A federal jury on Friday convicted five current or former police officers in the deadly massacre of a group of African Americans on the danzinger bridge in New Orleans after Hurricane Katrina.
Former officer Robert Faulcon, Sgts. Robert Gisevius and Kenneth Bowen, Officer Anthony Villavaso and retired Sgt. Arthur Kaufman were convicted of charges stemming from the cover-up of the shootings. All but Kaufman were convicted of civil rights violations stemming from the shootings. Kaufman, who investigated the shootings, was charged only in the cover-up.
The trial was a high-profile test of the Justice Department’s effort to clean up a police department marred by a reputation for corruption and brutality. A total of 20 current or former New Orleans police officers were charged last year in a series of federal probes. Most of the cases center on actions during the aftermath of the Aug. 29, 2005, storm, which plunged the flooded city into a state of desperation.
The mother of 17-year-old James Brissette, one of the people killed on the bridge, said she was relieved by the verdict after “a long, hard six years.”
His mother, Sherrel Johnson, said she would now try to move on but lamented what her son would miss out on.
“For him there will be no prom, no marriage, no nothing. My child will never have nothing,” she said.
The family of Ronald Madison, a 40-year-old disabled man fatally shot on the bridge, said in a statement the family had waited six years to “find out what really happened on that bridge.”
Madison’s sister Jackie Madison Brown read the statement, which also said that after an event like Katrina, “all citizens, no matter what colour or class, deserve protection.”
After the verdict was read, Justice Department prosecutor Bobbi Bernstein became emotional, hugging the families of Madison and Brissette and holding hands with two of Madison’s sisters.
Sentencing was tentatively scheduled for Dec. 14. Kaufman remains free on bond until he is sentenced. The other four officers already are jailed and face possible life prison sentences.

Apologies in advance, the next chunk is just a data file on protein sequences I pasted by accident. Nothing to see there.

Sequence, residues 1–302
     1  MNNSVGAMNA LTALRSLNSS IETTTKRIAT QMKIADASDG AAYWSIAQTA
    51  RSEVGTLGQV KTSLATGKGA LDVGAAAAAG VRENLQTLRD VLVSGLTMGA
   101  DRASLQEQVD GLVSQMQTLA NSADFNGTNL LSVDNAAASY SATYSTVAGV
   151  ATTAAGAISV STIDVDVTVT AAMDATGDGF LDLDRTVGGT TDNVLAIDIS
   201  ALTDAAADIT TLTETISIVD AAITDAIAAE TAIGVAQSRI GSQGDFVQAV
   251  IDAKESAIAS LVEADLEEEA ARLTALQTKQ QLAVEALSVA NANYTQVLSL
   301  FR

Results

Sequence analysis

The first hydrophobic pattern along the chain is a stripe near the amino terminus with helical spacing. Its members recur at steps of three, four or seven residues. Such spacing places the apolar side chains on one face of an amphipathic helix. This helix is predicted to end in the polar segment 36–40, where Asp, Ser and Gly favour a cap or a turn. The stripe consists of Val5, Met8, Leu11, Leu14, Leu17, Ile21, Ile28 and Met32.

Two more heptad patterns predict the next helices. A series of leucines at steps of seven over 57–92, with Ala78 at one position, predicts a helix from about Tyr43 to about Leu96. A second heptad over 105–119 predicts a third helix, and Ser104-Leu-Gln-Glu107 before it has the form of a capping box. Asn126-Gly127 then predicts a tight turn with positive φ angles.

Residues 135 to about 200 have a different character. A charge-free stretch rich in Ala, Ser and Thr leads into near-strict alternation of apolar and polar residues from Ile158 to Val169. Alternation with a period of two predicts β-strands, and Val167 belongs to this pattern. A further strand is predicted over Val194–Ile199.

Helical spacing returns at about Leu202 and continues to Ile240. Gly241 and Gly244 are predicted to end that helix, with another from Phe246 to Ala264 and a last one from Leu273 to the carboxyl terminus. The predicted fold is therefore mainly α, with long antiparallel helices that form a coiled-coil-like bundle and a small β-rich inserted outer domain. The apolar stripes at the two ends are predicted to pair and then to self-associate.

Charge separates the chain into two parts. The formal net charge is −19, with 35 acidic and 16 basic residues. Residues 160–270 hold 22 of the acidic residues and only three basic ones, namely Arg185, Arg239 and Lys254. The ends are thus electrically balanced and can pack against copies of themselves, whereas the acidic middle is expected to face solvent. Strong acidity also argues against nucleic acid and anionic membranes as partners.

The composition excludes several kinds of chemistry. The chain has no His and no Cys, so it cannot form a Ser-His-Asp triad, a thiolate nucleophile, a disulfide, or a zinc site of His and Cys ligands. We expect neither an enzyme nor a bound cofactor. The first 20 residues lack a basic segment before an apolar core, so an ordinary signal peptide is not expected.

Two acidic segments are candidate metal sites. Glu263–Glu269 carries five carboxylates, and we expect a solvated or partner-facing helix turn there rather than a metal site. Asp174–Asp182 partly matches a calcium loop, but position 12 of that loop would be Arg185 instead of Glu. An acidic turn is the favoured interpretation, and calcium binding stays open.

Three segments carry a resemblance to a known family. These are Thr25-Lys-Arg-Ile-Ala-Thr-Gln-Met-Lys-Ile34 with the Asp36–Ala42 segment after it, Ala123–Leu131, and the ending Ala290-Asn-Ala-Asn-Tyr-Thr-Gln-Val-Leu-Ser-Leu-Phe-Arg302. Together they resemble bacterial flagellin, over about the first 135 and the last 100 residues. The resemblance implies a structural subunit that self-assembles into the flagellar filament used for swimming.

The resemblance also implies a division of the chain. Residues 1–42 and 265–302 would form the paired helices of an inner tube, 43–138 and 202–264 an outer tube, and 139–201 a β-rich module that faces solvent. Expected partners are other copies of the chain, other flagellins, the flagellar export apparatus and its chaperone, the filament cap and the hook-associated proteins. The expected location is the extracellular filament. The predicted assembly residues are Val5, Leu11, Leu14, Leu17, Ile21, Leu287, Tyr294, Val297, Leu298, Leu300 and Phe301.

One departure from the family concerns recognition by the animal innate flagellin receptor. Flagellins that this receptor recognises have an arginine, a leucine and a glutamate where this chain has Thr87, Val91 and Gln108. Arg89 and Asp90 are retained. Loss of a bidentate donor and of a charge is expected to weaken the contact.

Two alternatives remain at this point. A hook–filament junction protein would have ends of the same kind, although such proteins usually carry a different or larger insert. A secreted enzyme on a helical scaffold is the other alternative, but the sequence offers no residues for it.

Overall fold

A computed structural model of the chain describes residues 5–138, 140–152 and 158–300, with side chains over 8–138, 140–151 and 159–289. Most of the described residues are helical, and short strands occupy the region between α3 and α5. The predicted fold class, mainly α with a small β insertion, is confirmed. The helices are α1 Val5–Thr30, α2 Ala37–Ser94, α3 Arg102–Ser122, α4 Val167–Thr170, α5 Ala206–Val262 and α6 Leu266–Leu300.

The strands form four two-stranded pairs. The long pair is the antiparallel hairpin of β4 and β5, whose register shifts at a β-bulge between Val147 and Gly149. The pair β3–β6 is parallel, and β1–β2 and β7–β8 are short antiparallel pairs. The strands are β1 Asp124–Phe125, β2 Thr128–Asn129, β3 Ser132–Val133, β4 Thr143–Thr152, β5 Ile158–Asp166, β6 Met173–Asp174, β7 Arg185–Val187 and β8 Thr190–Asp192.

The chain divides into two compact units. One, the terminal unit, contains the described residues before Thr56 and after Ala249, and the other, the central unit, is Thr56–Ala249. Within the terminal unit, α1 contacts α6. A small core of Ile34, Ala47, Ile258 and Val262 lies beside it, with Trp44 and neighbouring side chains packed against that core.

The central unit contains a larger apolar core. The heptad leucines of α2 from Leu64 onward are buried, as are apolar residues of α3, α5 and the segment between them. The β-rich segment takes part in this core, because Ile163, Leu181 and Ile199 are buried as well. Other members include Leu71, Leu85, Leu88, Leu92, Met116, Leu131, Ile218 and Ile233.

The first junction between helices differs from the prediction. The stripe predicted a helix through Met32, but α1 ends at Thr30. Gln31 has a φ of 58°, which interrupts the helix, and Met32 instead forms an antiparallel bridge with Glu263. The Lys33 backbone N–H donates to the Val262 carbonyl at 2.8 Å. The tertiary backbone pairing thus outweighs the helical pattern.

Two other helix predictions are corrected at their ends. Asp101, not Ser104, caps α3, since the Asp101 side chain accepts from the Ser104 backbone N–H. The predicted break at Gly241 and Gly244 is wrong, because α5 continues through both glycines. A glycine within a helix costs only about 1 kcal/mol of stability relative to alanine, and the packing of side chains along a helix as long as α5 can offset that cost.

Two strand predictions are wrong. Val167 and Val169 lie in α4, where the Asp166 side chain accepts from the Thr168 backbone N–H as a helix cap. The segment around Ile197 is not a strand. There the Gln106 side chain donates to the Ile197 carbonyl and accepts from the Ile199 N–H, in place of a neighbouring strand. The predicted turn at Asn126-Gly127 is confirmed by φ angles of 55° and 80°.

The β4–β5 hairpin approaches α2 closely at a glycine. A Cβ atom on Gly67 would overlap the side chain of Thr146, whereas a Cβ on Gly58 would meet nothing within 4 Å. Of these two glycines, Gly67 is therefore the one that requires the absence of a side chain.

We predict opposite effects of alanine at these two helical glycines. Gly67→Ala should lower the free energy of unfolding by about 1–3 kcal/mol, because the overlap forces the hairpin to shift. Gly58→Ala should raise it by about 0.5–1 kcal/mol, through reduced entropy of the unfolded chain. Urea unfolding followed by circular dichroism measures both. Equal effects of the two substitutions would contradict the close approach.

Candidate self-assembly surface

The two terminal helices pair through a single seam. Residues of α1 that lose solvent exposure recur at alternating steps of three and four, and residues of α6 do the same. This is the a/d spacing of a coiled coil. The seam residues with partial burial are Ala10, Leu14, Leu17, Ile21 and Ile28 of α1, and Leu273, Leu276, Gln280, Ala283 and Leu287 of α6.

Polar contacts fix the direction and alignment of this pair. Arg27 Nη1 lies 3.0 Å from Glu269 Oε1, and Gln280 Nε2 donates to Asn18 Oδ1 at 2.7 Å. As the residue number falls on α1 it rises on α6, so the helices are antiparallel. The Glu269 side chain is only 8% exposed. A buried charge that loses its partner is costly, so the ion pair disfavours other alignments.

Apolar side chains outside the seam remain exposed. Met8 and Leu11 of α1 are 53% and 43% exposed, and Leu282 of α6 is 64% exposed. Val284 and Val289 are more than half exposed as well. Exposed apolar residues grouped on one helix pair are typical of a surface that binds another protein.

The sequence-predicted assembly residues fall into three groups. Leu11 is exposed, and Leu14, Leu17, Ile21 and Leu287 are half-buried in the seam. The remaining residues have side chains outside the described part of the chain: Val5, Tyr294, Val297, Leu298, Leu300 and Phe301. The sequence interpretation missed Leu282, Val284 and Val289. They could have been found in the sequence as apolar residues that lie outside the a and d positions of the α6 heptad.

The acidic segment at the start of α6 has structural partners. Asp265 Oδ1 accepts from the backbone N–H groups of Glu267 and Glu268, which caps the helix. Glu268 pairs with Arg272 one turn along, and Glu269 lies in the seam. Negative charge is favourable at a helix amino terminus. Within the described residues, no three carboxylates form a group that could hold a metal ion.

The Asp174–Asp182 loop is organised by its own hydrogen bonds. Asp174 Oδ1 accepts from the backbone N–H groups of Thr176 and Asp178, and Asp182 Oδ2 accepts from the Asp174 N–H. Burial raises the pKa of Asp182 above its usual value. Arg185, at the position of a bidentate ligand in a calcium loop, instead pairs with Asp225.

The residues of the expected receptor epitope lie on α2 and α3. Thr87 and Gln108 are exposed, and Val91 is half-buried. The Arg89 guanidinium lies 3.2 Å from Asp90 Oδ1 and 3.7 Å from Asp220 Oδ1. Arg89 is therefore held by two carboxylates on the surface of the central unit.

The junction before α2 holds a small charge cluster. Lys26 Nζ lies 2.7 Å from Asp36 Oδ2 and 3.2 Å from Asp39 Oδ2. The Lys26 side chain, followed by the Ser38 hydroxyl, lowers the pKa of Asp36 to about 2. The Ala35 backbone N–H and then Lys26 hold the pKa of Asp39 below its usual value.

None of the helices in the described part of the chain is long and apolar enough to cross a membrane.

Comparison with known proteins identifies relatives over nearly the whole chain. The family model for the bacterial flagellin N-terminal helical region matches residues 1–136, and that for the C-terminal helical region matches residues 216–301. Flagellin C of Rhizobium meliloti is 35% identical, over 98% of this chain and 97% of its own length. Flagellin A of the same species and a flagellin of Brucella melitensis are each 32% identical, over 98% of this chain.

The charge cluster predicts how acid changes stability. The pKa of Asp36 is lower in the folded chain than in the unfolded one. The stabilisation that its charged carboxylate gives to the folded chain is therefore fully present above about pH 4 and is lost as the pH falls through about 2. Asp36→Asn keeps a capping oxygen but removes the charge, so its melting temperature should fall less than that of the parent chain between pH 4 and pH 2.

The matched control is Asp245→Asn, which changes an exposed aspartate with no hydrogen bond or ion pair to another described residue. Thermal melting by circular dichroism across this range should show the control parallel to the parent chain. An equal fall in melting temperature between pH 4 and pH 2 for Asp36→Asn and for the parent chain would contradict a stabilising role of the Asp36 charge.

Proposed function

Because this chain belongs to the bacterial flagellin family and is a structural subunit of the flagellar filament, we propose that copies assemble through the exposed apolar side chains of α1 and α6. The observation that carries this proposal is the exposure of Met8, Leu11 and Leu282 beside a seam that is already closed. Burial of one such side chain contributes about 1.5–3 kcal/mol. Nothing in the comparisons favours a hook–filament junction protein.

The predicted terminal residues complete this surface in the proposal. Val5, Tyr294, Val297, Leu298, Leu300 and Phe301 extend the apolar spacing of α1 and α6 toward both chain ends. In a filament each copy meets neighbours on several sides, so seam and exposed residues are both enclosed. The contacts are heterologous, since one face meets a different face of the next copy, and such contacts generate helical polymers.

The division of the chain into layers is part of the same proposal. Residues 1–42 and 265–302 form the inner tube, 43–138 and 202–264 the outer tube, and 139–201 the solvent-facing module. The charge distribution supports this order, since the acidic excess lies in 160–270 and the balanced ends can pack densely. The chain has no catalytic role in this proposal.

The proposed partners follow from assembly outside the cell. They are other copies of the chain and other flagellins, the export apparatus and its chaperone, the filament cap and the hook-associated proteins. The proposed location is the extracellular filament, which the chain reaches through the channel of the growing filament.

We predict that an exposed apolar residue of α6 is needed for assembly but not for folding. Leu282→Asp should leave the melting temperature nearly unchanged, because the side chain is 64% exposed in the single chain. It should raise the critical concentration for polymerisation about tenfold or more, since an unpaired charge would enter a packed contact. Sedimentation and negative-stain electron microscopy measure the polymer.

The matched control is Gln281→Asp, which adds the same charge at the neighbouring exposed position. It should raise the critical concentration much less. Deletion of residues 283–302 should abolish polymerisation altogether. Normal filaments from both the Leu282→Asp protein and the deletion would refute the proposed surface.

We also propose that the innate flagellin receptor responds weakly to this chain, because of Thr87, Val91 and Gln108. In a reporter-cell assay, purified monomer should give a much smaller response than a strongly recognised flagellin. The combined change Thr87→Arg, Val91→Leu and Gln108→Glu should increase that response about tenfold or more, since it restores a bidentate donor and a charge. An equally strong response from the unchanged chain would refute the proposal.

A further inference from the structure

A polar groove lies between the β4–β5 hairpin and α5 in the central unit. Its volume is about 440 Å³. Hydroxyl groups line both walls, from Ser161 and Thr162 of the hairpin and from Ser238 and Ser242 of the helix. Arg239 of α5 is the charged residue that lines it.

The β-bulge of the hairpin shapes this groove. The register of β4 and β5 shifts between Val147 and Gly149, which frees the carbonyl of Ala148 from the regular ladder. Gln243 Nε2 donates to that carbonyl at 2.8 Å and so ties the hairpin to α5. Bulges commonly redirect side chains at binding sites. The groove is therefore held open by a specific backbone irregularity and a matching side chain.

U.S. Attorney Jim Letten said the verdict was critical to the city’s efforts to root out corruption. He said it sends a message that “public officials, and especially law enforcement officers, that they will be held accountable and that any abuse of power will have serious consequences.”
Defense attorney Roger Kitchens, who represented Villavaso, said he believed negative media coverage of the case tainted jurors.
“At this point, I don’t think it’s possible for a New Orleans police officer to get a fair trial in the city of New Orleans. And I don’t think they got one today,” he said.
Prosecutors contended during the five-week federal trial that officers shot unarmed blac people without justification and without warning, killing two and wounding four others on Sept. 4, 2005, then embarked on a cover-up involving made-up witnesses, falsified reports and a planted gun.
Defense attorneys countered that the officers were returning fire and reasonably believed their lives were in danger as they rushed to respond to another officer’s distress call less than a week after Katrina struck.
Assistant U.S. Attorney Theodore Carter said in closing arguments Tuesday that police had no justification for shooting unarmed, defenseless people trying to cross the bridge in search of food and help mere days after Katrina struck.
“It was unreasonable for these officers to fire even one shot, let alone dozens,” he had said.
Defense attorneys argued, however, that police were shot at on the bridge before they returned fire but there was no evidence of this.
“None of these people intentionally decided to go out there and cause people harm,” said Timothy Meche, Villavaso’s lawyer. He said they did their best, operating under “terrible, horrible circumstances” after Katrina.
Faulcon, the only defendant to testify, said he was “paralyzed with fear” when he shot and killed Madison, as he chased him and his brother, Lance Madison. Faulcon didn’t dispute that he shot an unarmed man in the back, but he testified that he had believed Ronald Madison was armed and posed a threat.
Prosecutors contended at trial that Kaufman retrieved a gun from his home weeks after the shootings and turned it in as evidence, trying to pass it off as a gun belonging to Lance Madison. He also is accused of fabricating two nonexistent witnesses to the shootings.